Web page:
Crowdsourcing Curricula With Curriki
February 14, 2012
Here at Reset San Francisco, we know innovation in the classroom starts with giving great teachers the tools and support they need to succeed. That’s why we’ve been taking a close look at the website curriki.org.
Curriki is a social network for educators. Already attracting more than 2 million unique views every year, the website provides a platform for teachers to share resources and teaching ideas. Curriki estimates school systems spend $4,500 per teacher on teaching resources like workbooks, lesson plans and other tools. By using the free resources on the website, schools and school districts have the potential to cut this cost by roughly 50%.
Engaging Educators With Creative Content
Whether it is music for preschoolers or geometry for 18 year-olds, it is likely Curriki has resources to help you. For example, when searching for photosynthesis you have the option to use a video complete with a cartoon character explaining the photosynthesis process. Alternatively, you can use a game that helps students learn the differences between photosynthesis and respiration. Even a whole biology curriculum for grades 9-10 is available.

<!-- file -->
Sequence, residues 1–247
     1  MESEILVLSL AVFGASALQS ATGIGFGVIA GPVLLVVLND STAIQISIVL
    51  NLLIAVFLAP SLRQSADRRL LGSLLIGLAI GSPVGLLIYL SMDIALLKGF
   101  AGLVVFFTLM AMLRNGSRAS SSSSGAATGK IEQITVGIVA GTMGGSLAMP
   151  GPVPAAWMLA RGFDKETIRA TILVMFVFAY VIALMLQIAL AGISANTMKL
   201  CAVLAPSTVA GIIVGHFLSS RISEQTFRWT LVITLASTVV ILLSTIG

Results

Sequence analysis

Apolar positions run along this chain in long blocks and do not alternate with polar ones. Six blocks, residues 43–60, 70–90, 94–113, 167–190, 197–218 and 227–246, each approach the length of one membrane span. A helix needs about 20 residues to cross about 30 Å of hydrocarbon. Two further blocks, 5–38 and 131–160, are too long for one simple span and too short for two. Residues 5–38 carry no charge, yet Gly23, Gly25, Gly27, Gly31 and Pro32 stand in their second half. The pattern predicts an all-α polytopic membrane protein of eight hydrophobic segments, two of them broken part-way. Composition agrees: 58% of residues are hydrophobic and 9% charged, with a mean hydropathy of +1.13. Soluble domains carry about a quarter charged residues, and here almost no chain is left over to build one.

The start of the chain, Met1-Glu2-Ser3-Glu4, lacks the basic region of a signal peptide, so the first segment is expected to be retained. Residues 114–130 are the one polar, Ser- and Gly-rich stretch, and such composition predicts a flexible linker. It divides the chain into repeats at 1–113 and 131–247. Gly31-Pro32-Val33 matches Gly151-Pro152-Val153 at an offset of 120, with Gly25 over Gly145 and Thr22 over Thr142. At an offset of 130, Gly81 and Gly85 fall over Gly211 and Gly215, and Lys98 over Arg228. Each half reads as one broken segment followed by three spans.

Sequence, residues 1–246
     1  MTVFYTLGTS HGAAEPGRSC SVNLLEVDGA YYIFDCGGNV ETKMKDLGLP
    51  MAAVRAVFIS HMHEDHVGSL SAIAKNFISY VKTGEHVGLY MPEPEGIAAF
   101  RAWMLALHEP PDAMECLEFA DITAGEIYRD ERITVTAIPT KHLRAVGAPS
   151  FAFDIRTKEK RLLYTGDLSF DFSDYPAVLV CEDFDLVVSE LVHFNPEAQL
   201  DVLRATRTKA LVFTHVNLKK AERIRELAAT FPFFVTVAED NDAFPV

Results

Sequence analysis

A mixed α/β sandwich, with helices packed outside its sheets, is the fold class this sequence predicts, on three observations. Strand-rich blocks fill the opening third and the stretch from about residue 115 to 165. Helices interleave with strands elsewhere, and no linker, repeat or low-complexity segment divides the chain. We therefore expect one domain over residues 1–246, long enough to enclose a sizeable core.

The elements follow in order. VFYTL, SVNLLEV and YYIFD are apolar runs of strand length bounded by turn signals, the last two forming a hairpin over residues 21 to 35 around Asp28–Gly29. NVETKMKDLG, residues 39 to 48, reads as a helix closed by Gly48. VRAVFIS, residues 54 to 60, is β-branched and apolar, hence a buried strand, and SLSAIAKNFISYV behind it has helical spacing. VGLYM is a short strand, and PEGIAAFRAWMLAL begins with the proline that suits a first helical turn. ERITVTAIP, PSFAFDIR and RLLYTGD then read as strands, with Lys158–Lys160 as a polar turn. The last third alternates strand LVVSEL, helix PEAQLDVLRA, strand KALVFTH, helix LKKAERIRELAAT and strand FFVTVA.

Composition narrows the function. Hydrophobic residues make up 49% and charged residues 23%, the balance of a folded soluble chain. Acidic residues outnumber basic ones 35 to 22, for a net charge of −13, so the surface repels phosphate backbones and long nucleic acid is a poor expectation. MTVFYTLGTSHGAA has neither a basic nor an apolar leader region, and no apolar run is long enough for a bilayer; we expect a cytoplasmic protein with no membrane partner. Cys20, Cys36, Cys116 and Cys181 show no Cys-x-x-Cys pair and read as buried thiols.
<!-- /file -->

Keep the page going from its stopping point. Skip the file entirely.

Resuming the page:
Curriki seeks to boost student achievement by providing content that goes beyond the standard methods of teaching. Not only is the content creative and innovative to assist learning, but it is also carefully assessed by experts in education and technology to ensure high quality material. Each lesson that is uploaded onto Curriki is graded by the website’s experts.
Connect On Curriki
Curriki’s website goes even further, not only providing content but also providing a forum in which teachers can connect. A Twitter page with 4,464 followers and an online blog keep teachers updated on the new resources available to them. Furthermore, there is an area in which groups can be created to discuss certain issues related to education. For example, a new open group allows teachers to answer questions such as how to apply web 2.0 strategy to schools and how to take advantage of open educational resources.
Curriki is all about crowdsourcing. The aim is to share resources for schools globally. Therefore, Curriki not only encourages you to utilize material but also encourages you to upload your own material, which could be helpful to other teachers. This ranges from uploading a lesson plan to writing a textbook or building a curriculum. One way to do this is to collaborate with others to create a curriculum together.
While Web 2.0 isn’t a replacement for the kind of basic commitment to education our state needs – including new funding, so we are no longer dead last or nearly last in basic metrics like teacher/student ratio and support per pupil – it can help make well-supported schools even better. Take a look for yourself at www.curriki.org.